🎓 Is there a “right” way to teach something?
Is there a universal best method for learning something?
In terms of learning (and particularly self-training), Internet has been a game changer. Nowadays, there are just so many articles and Youtube videos about everything! You can get online courses on virtually any topic you want easily and quite often for free. However, it raises interesting questions: is all this content relevant? what makes your favorite science podcast so much better than the rest, and so much better at popularising these hard concepts? how come some of these lessons are clear as day while others twist your brain in a funny way? and what about this new trend of “teaching to teach” and “learning to learn”?
In 2017, the Guardian published a set of articles titled “The science of teaching and learning”. Throughout this series, they explored various ideas ranging from tips for teachers on their first day to student impostor syndrome. This example and plenty of others suggest that there is a growing interest in how we learn and how we teach, and how these skills must evolve as our world evolves too.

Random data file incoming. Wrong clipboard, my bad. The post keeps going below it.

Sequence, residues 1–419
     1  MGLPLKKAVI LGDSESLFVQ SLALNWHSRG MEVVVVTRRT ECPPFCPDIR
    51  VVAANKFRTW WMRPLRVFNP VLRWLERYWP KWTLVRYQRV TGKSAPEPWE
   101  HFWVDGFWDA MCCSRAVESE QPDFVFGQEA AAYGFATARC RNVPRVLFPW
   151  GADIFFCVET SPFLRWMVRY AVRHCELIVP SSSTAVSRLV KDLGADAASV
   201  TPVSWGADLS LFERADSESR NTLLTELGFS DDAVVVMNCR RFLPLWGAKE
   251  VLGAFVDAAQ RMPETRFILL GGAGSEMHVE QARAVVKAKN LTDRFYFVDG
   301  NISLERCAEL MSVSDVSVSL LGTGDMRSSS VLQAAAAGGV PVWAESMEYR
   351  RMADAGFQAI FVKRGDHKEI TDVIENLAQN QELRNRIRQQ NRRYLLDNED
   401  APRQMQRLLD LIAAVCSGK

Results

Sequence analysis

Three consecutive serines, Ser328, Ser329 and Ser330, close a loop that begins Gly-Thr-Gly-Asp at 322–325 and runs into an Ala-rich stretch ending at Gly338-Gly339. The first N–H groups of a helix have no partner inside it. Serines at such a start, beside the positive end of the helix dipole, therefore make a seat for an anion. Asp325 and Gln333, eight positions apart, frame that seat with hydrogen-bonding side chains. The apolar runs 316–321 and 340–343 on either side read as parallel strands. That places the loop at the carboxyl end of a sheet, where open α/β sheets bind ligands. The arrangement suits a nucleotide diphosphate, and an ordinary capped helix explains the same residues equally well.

In this article, I’ll tell you of a personal story that generated new thoughts on pedagogy in my head, of a myth about education, of critical thinking and of the new growing trend of teaching the teachers to teach.
Did you frame your question properly?
A basic math exercise… or not?
A couple of years ago, I was doing some maths tutorship, working with a student on functions, and more precisely, “functions variations”: for the math-lovers, yup, derivatives. However, this class was not meant to go as far as actually naming and embodying the idea of derivatives, and it stopped at the idea of “increasing” and “decreasing” functions. Instead of real definitions and theorems, you would have a series of fuzzy activities to try and grasp… something about functions variations. To be honest, I’m not exactly sure what. But, in particular, I recall an exercise that presented us with a table like this one:
x | f(x)
0 | 0
1 | -3
3 | -9
-2 | 6